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Can City reclaim edge over United?

FOX Soccer News: Recap of this year's first installment of the Manchester derby.
FOX Soccer News: Recap of this year's first installment of the Manchester derby.
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Jonathan Wilson

Jonathan Wilson is the editor of the football quarterly The Blizzard and writes for the Guardian, the National, Sports Illustrated, World Soccer and Cricinfo. He is the author of six books on football, including Inverting the Pyramid, which was named Football Book of the Year in both the UK and Italy. His latest book is The Outsider: A History of the Goalkeeper.



On the face of it, Monday’s Manchester derby doesn’t matter too much. Realistically speaking, Manchester United will win the title over rival Manchester City within the next week or two.

United is 12 points clear at the top of the table and, if it takes 19 points from its remaining eight games, they will break the Premier League point record set by Chelsea in 2004-05. The best City can do on Monday is delay that victory procession, make it as difficult as possible for United to achieve that record and, after a 3-2 defeat in the derby at Etihad Stadium earlier in the season, gain some measure of local pride.

It may not have quite the title-defining significance of last season’s meeting, when City won 1-0 at the end of April to set up its late surge for the crown.

Yet City captain Vincent Kompany – the goalscorer that day – remains adamant that the game is still of great significance. “A derby is a derby. I don't think we could care less about the league in that game,” Kompany said. “It is about who is going to be champions of Manchester - that is all it is. Last year had so much more to it. It was a derby and a big comeback from all of us.”

There is also, although nobody at City will mention it, the chance to convince itself that this has been in some senses a freakish season: that this year’s United side is not as good as the bare statistics make it appear. For the truth is that United looks vulnerable. That has been the mystifying aspect of this season – particularly early in the season when even Sir Alex Ferguson described its defending as a “cartoon cavalcade” – a reference to Sunday afternoon children’s television in Scotland in the early sixties.

After 19 games, at the halfway point of the season, United had conceded 28 goals; it has let in just three in the 11 league games since. The preposterous series of comeback victories that characterized the early part of the season are no more. United has begun grinding out wins; it has kept six clean sheets in a row. Not as vulnerable as it once was, some sense of stability has been restored, to a large degree because Nemanja Vidic and Rio Ferdinand have begun playing relatively regularly again after injury.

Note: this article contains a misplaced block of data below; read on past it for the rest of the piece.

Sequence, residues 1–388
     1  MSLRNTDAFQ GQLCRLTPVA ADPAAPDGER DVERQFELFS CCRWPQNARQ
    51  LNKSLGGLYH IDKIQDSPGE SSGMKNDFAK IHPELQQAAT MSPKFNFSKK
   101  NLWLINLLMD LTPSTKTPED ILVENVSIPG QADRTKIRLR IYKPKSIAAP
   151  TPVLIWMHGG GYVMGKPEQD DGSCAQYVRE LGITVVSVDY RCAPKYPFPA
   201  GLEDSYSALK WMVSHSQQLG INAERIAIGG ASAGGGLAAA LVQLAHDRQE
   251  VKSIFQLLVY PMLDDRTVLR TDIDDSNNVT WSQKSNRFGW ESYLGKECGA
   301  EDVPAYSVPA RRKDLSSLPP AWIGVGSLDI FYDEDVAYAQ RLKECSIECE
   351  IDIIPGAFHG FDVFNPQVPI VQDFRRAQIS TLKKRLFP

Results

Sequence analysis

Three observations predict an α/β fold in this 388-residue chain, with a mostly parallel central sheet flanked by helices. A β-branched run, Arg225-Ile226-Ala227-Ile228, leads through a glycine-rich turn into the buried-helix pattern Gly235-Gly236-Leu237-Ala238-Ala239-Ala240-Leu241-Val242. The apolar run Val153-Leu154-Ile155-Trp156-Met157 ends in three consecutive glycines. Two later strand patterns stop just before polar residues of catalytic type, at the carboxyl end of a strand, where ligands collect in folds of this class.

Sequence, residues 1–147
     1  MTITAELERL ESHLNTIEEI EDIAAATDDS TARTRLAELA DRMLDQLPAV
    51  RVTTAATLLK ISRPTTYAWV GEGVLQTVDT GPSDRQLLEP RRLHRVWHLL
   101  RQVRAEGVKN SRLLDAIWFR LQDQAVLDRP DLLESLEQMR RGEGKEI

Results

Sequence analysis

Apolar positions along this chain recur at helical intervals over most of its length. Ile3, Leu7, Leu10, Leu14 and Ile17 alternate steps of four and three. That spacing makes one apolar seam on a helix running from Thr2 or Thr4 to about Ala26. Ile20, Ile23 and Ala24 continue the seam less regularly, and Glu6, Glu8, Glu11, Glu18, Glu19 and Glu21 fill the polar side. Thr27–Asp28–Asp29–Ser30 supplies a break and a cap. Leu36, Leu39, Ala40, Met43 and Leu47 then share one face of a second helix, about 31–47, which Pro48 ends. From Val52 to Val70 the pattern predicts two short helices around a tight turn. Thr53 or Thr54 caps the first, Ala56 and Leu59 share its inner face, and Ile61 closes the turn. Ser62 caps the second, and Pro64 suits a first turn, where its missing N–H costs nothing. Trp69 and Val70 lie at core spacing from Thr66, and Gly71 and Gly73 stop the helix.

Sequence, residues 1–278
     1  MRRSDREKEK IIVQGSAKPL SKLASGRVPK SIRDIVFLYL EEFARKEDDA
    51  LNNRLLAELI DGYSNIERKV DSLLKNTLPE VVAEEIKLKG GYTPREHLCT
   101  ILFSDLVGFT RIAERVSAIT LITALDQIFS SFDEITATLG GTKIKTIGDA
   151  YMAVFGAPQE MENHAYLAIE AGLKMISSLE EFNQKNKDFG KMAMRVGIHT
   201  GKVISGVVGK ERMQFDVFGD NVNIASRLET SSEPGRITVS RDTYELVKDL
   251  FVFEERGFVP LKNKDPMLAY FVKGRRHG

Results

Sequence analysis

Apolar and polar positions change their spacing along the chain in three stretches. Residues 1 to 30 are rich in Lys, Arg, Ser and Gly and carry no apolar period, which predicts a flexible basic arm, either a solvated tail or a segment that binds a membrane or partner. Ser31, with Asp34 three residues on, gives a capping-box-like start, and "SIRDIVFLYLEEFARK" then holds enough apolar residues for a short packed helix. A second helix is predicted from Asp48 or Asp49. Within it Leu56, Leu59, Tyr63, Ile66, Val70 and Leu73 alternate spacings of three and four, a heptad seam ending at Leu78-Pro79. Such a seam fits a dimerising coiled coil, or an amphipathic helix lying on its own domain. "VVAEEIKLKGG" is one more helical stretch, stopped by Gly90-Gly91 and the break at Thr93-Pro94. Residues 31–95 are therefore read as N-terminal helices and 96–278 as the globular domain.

But Easter Monday’s FA Cup quarterfinal defeat to Chelsea highlighted – once again – a weakness in the middle of midfield. United can pass the ball – and many would argue that this season has been Michael Carrick’s best at the club – but even with Phil Jones alongside him, United’s midfield can be outfought. When City beat United last April, that was the shocking aspect: that it effectively bullied United through the center, Gareth Barry and Yaya Toure, with Carlos Tevez dropping back to help, savaging the stately thirtysomething’s of Carrick, Paul Scholes and Park Ji-Sung. United hasn’t tackled that issue – indeed Ferguson has suggested he doesn’t see it as an issue.

Yet in the league game at City in December and in the league game at Chelsea in October suggest otherwise. United fielded the same side in each and won both 3-2, in each case having taken a 2-0 lead and been pegged back to 2-2. In both, the game plan was essentially to sit deep, absorb pressure and strike quickly down the flanks.

It was, in a sense, a gamble, Ferguson trusting his side’s attacking strength to make more of the chances his side created than the opposition’s forwards. On both cases it came off, although Chelsea will point to a couple of poor refereeing decisions that went in United’s favor and City to Samir Nasri’s craven shying away from a Robin van Persie free kick in the wall.


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But the two recent FA Cup quarterfinal ties between United and Chelsea have shown what a gamble the strategy is. At Old Trafford, United again went 2-0 up early, and again Chelsea came back, but this time there was no late United winner. In the replay, when United badly missed Wayne Rooney’s ball-winning from a deep-lying forward position, it had three fine chances, but a brilliant save from Petr Cech and two misses from an off-color van Persie meant United was unable to respond to Demba Ba’s strike.

The manner of the defeat as much as the result itself must gnaw at United and it is that doubt City can work on. The league this season is gone, but if it can dominate in midfield – and if Rooney fails to recover from a groin injury its chances of doing so are enhanced – then it can create the impression, whether justified or not, that United’s margin of victory this season, the ceremonial nature of the run-in, is somehow misleading, can gain some sort of psychological edge before next season.

“It is a completely different situation, today and last year," said Kompany. "For me it is a one-off game and everything that has happened in the past has no importance whatsoever next Monday. It is about coming out on top in that game. I am looking forward to it and I think everyone else at Manchester City is too."

It’s not much, but it’s all City has left.

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